In Massachusetts, immediate annuities are often used to protect the spouse of a nursing home resident who applies for MassHealth. (MassHealth is the term used to describe the Medicaid program in Massachusetts. )
These types of annuities allow the nursing home resident to spend down assets and give the spouse a guaranteed income. To qualify for Medicaid, a nursing home resident must become impoverished under Medicaid's complicated asset rules. In Massachusetts, this means the applicant can have only $2,000 in "countable" assets. Virtually everything is countable except for the home (with some limitations) and personal belongings. In Massachusetts, the spouse of a nursing home resident--called the "community spouse" -- is allowed to keep up to $120,900 (in 2017) in "countable" assets. While a nursing home resident must pay his or her excess income to the nursing home, there is no limit on the amount of income a spouse can have.
An immediate annuity is a contract with an insurance company under which the annuitant pays the insurance company a sum of money in exchange for a stream of income. This income stream may be payable for life or for a specific number of years, or a combination of both -- i.e., for life with a certain number of years of payment guaranteed. In the Medicaid planning context, most annuities are for a specific number of years. The spouse of a nursing home resident may spend down his or her excess assets by using them to purchase an immediate annuity. But if Medicaid applicants or their spouses transfer assets within five years of applying for Medicaid, the applicants may be subject to a period of ineligibility, also called a transfer penalty. To avoid a transfer penalty, the annuity must meet the following criteria: The annuity must pay back the entire investment. When interest rates were higher, it was possible to purchase annuities for as short as two years, but now short annuities usually don't pay back the full purchase price. The payment period must be shorter than the owner's actuarial life expectancy. For instance, if the spouse's life expectancy is only four years, the purchase of an annuity with a five-year payback period would be deemed a transfer of assets. The annuity must be irrevocable and nontransferrable, meaning that the owner may not have the option of cashing it out and selling it to a third party. The annuity has to name the state as the beneficiary if the annuitant dies before all the payments have been made.
Here's an example of how an immediate annuity works: John and Mary are a married couple living in Boston, Massachusetts, with total countable assets of $270,000. John needs nursing home care and Mary is still able to live at home. Medicaid will allow Mary to keep $120,000 and John to keep $2,000. If Mary purchases an immediate annuity that meets the criteria above for $150,000, she will receive approximately $2,500 per month each month for five years. At the end of the five years, she will have received all of the money back that she invested. In the eyes of Medicaid, she has reduced her assets below the countable asset limit.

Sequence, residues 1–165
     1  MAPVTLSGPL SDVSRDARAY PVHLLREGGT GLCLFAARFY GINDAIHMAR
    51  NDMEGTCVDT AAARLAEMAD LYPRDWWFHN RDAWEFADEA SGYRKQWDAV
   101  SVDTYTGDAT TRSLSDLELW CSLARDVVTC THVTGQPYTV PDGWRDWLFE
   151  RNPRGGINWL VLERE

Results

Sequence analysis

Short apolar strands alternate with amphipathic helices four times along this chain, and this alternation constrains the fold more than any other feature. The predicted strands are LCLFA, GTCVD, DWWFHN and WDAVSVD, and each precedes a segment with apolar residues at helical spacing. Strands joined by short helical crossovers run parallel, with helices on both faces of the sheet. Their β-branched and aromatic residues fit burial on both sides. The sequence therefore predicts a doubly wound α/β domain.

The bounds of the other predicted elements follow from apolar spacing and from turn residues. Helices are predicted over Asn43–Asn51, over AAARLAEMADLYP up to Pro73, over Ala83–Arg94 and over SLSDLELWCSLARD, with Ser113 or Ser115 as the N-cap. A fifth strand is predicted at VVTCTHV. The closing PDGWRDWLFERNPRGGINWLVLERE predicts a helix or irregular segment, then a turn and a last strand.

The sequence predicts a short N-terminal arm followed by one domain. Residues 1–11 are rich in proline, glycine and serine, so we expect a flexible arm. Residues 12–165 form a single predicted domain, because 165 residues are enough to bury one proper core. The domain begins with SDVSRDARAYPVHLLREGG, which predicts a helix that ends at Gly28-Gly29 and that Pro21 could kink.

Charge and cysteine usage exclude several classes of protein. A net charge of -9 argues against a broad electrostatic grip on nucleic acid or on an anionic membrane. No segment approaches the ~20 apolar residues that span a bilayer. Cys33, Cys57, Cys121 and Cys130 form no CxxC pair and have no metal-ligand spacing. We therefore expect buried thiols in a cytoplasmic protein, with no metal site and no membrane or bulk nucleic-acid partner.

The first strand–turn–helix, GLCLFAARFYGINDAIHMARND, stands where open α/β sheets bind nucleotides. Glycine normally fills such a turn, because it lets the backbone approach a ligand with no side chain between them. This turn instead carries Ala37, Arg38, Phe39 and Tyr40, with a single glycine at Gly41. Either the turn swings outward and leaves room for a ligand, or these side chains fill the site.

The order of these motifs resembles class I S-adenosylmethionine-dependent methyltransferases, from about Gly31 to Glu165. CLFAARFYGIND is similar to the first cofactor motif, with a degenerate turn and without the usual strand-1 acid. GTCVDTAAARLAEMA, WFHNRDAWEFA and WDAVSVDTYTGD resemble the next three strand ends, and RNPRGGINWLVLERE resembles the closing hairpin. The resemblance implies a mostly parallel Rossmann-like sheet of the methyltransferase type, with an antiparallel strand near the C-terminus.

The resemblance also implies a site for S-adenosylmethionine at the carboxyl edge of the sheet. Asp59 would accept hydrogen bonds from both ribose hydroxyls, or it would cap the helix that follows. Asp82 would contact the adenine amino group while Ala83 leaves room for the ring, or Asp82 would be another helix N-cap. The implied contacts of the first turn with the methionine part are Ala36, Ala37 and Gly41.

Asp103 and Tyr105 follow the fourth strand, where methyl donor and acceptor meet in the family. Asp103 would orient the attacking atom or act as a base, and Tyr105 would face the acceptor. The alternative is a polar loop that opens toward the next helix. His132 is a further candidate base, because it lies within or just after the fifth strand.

Other planning options may be preferable, such as spending down assets in a way that preserves them, transferring assets to exempt beneficiaries or into trust for their benefit, seeking an increased resource allowance, purchasing non-countable assets, using spousal refusal, or bringing the nursing home spouse home and qualifying for community Medicaid.
The purchase of an annuity might require the liquidation of IRAs owned by the nursing home spouse, causing a large tax liability. The non-nursing home spouse may be ill herself, meaning that she may need nursing home care soon, in which case the annuity payments would simply go to her nursing home. The savings may be small due to a high income or the short life expectancy of the nursing home spouse, and the process of liquidating assets and applying for Medicaid might not be worth the considerable trouble.
This powerful planning strategy depends on each couple's particular circumstances and should be undertaken only after consultation with a qualified elder law attorney. In addition, those who do purchase immediate annuities need to shop around to make sure they are purchasing them from reliable companies paying the best return. This is always used as a last minute planning strategy and should not be purchased before you know that your spouse will be going to a nursing home.
Finally, couples need to beware of deferred annuities. Some brokers will attempt to sell deferred annuities for Medicaid planning purposes, but these can cause problems. While a deferred annuity can be "annuitized" (meaning it can be turned into an immediate annuity), if the nursing home resident owns the annuity, the income stream will be payable to the nursing home instead of to the healthy spouse. Often, the annuity will charge a penalty for early withdrawal, so it is difficult to transfer it to the healthy spouse. In short, while immediate annuities can be great tools for Medicaid planning, deferred annuities should be avoided by anyone contemplating the need for care in the near future.
The attorneys at Senior Solutions will examine your specific circumstances and provide you with the best strategy for you. We are ready to help, please call us at 617-489-5900 or email me at firstname.lastname@example.org.